CeaseFirePA, supporters ask lawmakers to take steps to reduce gun violence: ‘Enough is enough’

The group sought support for Senate Bill 217 and House Bill 980, which would require gun owners to report lost or stolen firearms.

A rally calling for an end to gun violence brings together Gov. Tom Wolf and lawmakers, joining students, family members of victims of gun violence, and advocates at the steps of the state Capitol. April 26, 2022. (Dan Gleiter / PennLive)

A rally calling for an end to gun violence brings together Gov. Tom Wolf and lawmakers, joining students, family members of victims of gun violence, and advocates at the steps of the state Capitol. April 26, 2022. (Dan Gleiter / PennLive)

This story originally appeared on WITF.

A crowd of advocates for firearm regulation gathered on the steps at the Pennsylvania State Capitol Complex at noon Tuesday to urge lawmakers to up the fight against gun violence with legislation.

CeaseFirePA, led by executive director Adam Garber, weathered the midday showers to speak on gun violence, how it impacts families around the state, and about legislation that could help solve the problem.

A single heckler stood lower on the steps, blowing a whistle and saying, “If you can have them, we can have them too.”

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It has been 12,092 days since Gov. Tom Wolf signed a law that took guns from the hands of domestic abusers. Since then, however, 5,840 lives have been lost to gun violence, Garber said.

“The legislative majority is not just failing their duty, they are refusing to discuss it,” Garber said. “We have the solutions and now we want action.”

“Each number has a name, has a story, has a family, has someone and a story they won’t get to continue,” Garber said.

The group sought support for Senate Bill 217 and House Bill 980, which would require gun owners to report lost or stolen firearms. Garber said this would not only prevent gun violence but also would benefit gun owners.

Reports of stolen weapons being used in violent crimes have risen by 38 percent in the past two years, according to Garber.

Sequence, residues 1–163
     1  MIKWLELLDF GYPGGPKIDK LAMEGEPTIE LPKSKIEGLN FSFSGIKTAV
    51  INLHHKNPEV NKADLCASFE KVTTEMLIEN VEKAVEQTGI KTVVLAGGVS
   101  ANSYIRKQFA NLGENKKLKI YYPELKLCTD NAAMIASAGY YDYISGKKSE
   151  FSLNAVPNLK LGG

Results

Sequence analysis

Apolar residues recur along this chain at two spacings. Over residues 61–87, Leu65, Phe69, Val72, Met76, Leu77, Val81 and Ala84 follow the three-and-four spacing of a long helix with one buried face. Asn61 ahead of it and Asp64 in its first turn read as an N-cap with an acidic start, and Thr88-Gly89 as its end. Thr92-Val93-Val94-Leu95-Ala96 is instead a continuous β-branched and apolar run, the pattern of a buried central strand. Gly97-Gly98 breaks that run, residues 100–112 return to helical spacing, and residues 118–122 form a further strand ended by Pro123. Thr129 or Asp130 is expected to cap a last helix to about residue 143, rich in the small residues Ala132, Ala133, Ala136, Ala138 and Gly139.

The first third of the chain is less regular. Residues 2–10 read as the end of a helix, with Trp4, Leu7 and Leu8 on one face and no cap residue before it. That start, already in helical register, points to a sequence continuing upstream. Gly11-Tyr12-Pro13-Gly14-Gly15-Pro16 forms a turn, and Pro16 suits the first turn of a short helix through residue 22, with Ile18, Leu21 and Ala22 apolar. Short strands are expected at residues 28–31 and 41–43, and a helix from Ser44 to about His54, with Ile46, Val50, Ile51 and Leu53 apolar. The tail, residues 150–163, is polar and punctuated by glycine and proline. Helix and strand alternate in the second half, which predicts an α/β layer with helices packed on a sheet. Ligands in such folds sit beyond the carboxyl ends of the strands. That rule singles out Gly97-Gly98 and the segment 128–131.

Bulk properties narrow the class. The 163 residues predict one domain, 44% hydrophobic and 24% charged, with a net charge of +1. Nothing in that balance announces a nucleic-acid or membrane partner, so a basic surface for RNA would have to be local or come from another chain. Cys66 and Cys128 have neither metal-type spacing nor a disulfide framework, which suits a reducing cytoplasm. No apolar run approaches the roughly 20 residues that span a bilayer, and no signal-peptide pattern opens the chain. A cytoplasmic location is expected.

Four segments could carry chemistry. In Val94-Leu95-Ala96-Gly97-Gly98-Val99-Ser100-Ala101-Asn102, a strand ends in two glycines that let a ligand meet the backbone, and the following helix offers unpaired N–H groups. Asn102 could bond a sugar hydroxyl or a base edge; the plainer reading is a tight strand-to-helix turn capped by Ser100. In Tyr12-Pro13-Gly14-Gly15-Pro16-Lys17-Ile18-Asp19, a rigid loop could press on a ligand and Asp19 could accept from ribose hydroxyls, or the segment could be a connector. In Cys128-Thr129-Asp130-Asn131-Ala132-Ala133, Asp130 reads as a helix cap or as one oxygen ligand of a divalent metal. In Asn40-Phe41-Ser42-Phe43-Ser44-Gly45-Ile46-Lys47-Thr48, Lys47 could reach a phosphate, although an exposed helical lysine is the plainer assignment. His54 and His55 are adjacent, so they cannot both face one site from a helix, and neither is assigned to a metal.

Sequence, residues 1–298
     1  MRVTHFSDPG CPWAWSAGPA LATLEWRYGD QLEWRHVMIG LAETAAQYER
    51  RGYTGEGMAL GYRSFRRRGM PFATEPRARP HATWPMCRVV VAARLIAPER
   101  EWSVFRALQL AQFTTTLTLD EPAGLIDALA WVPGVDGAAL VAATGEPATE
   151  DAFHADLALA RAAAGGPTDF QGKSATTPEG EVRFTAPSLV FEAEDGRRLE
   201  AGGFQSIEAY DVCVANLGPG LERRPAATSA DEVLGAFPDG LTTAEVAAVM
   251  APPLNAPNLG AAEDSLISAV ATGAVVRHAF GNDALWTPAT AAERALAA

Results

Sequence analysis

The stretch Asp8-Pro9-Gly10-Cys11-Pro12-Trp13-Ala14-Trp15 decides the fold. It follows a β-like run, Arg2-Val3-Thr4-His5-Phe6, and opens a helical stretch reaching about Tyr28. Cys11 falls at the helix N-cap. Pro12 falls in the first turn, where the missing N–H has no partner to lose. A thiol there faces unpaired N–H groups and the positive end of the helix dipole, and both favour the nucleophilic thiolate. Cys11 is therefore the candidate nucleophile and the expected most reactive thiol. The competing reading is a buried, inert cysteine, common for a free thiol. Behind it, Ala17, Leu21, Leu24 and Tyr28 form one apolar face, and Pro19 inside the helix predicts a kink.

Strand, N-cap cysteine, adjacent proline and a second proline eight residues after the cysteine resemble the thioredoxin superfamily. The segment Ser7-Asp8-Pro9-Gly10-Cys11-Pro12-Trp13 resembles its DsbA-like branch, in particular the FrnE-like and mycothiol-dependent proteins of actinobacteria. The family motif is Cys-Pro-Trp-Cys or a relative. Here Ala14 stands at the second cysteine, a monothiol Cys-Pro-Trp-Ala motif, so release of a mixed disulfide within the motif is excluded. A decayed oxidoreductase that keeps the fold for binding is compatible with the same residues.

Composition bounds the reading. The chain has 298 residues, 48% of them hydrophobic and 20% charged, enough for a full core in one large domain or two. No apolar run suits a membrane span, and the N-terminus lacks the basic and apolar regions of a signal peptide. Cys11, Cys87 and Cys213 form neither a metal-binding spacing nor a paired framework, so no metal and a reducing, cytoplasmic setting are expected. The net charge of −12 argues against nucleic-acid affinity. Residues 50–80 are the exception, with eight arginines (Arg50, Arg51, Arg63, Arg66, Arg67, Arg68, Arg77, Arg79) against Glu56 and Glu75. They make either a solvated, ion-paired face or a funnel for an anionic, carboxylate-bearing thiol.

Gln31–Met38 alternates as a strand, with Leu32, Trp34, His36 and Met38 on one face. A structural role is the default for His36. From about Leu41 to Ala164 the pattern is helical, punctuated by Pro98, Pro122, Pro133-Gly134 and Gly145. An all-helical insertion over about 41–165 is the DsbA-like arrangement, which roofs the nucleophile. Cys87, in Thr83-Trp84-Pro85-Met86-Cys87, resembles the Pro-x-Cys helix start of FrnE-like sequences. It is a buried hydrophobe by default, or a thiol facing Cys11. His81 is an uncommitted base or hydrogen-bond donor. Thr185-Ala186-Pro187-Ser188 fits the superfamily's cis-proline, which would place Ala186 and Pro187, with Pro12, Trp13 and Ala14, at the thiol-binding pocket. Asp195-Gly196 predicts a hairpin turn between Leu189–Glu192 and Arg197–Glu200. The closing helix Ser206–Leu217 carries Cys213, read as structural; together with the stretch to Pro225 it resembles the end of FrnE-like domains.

However, that law would victimize gun owners twice, according to Val Finnell, the director of Gun Owners of America, which he called a non-partisan organization — once, when the gun is stolen, and a second time by the state if they do not report it.

“It is really not effective,” Finnell said. “The issue is not in the reporting of the lost or stolen firearm. It is in the recovery. [Police] wait for them to turn up later in the crime. It is really not effective,” Finnell said.

“Enough is enough,” said Harrisburg Mayor Wanda Williams, who lost her granddaughter, Tiana, eight years ago to gun violence. “She will not be a woman. Not be a mother. Not be a wife. She was taken from us.”

Williams said 54 people have been taken from Harrisburg by gun violence since October of 2018.

“When a lawful gun is taken from the hands of a lawful gun owner, there is no telling where it will end up,” Williams said. “This is common sense legislation that every gun owner can agree with.”

Added Rep. Joanna McClinton, a Democrat from Delaware County: “We are not doing enough to keep the guns out of the wrong hands. Action has to happen. We cannot just say ‘thoughts and prayers’.”

Reporting stolen firearms puts the onus on the victim of the theft, according to Kim Stofler, the president of the state chapter of Firearms Owners Against Crimes.

“It’s not going to solve anything It encourages crime, because people will unfortunately steal firearms to impugn the integrity of gun owners,” Stofler said.

Another more remote concern is that requiring lost or stolen firearms to be reported would create a backdoor gun registry through the Pennsylvania State Police, Finnell said, which Gun Owners of America opposes.

“Who doesn’t report lost or stolen firearms? It’s criminals. A law will not solve that,” Finnell said.